and coordination

mechanisms

Community Preparedness

What is an Effective EWS?

5

feedback

preventiveactions

5

feedback

2

warnings

warnings

COORDINATION AMONGNATIONAL SERVICES

3

3

Meteorological

Hydrological

Geological

Marine

Health (etc.)

3

warnings

feedback

5

slide23

Role of National Meteorological and Hydrological Services forFinancial Risk Transfer Markets

Alignment of national to local policies, legislation, planning, resources multi-sectoral organizational coordination and collaboration

Risk Identification

Risk Reduction

Risk Transfer

Hazard databases

Hazard statistics

Climate forecasting and trend analysis

Exposed assets & vulnerability

Risk analysis tools

PREPAREDNESS: early warning systems emergency planning

MITIGATION AND PREVENTION: Medium to long term sectoral planning (e.g. zoning, infrastructure, agriculture)

CAT insurance & bonds

Weather-indexed insurance and derivatives

Other emerging products

Information and Knowledge SharingEducation and training

role of national meteorological and hydrological services for financial risk transfer markets
Role of National Meteorological and Hydrological Services for Financial Risk Transfer Markets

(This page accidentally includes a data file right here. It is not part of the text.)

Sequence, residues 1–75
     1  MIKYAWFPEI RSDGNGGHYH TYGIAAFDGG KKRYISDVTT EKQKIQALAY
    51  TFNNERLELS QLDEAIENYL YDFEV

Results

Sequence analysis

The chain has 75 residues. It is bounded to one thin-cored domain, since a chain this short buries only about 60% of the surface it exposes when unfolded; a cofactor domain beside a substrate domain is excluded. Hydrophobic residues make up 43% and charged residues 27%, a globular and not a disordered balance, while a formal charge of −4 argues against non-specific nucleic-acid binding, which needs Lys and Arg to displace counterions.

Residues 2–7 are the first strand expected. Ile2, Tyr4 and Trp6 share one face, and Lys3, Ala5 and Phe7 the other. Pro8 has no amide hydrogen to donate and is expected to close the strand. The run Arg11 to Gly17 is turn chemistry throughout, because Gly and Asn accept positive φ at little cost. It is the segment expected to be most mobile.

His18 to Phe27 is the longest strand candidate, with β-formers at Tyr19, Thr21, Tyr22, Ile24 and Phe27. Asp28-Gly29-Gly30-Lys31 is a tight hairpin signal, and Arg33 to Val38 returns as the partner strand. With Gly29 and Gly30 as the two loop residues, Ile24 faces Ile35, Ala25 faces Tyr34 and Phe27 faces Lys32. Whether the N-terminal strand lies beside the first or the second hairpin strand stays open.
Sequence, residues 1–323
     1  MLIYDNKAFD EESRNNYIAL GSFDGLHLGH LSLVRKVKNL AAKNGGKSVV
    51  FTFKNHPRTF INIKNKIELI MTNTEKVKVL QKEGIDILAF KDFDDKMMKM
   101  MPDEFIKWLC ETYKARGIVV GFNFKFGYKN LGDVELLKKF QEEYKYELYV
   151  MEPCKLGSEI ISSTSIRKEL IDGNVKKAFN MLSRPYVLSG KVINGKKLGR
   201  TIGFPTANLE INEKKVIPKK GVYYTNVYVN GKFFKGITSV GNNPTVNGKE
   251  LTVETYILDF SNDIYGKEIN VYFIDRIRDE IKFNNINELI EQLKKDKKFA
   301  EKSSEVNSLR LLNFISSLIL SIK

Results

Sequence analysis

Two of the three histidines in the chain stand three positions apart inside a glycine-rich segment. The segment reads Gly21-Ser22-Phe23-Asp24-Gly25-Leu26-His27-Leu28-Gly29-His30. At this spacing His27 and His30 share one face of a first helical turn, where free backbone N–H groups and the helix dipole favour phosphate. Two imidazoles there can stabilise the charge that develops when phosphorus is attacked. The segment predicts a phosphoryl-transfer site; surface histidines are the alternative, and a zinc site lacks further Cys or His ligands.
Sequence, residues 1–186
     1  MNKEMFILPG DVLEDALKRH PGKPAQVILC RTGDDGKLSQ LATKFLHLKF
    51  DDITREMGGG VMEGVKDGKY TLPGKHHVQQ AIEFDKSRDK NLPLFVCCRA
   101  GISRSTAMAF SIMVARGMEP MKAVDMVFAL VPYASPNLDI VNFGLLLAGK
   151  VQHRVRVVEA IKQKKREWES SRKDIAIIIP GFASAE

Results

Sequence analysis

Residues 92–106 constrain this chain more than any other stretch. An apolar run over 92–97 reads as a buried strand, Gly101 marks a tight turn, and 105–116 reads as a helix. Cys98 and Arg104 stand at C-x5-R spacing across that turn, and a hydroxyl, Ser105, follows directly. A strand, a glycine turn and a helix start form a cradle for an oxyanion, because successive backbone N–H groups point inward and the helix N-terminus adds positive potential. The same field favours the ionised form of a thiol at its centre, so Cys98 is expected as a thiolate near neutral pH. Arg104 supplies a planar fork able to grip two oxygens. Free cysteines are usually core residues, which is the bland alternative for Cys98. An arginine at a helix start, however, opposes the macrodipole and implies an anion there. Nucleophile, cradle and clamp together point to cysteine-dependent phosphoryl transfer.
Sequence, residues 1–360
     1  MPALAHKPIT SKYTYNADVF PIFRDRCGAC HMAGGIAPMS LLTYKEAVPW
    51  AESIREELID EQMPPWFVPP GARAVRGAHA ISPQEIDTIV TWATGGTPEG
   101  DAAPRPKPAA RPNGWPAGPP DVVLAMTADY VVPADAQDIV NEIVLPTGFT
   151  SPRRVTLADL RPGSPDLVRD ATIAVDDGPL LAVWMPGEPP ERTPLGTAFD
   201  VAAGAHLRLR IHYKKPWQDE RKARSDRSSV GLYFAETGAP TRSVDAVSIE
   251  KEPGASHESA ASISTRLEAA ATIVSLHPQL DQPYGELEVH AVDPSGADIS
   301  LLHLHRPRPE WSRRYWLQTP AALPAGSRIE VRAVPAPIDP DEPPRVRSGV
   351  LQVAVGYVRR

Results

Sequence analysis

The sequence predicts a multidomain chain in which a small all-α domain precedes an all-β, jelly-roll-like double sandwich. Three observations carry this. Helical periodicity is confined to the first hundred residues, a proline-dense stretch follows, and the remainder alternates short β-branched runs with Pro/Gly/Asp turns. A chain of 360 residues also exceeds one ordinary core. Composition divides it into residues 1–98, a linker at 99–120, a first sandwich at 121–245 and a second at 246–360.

• Availability and accessibility ofhistoricalandreal-time data
  • Data quality assurance, filling data gaps, homogenization and analysis
  • Reliable and authoritative data forcontract design and settlement
  • Forecastsfor management of risk portfolio
  • Technical support and service delivery
challenges at different levels
Challenges at different levels
  • Building, strengthening and sustaining the meteorological/climate observing networks, data management and forecasting systems are resource intensive and not on the radar screen of many governments!
  • Servicing Financial Risk Transfer markets is a “new” field for Meteorological and Hydrological Services!
addressing these challenges at different levels
Addressing these Challenges at different levels
  • Need to make a business case for the need for National Meteorological and Hydrological Services with their governments (e.g., investments in meteorological capacities is an investment towards improved risk managment and development)
  • Initiate systematic modenization/data rescue/capacity development of Met Services with a sustainability plan
  • Raise awareness of National Meteorological and Hydrological Services on emerging opportunities such as « weather-indexed Insurance » (based on lessons learnt from demonstrated pilots)
  • Engage National Meteorological and Hydrlogical Services as Partners
  • Standardization of core meteorlogical/hydrological/climate products
progress with catastrophe cat insurance bond and weather risk management markets

Catastrophe Insurance and Bond Markets

Weather Risk Management Markets (ART)

European Agricultural Risk

Hydro Electric Power Risk Contracts

Wind Power Risk Contracts

Southeastern Europe Disaster Risk management Project

& Southeastern and Central European Risk Insurance Facility

UK Flood CAT Bond

CAT Bond Markets post Hurricane Andrew

Indian Agricultural Risk

Caribbean Catastrophe Risk Insurance Facility

Heating Degree Day Contracts

Drought Risk Management in Ethiopia

Malawi Drought Risk Management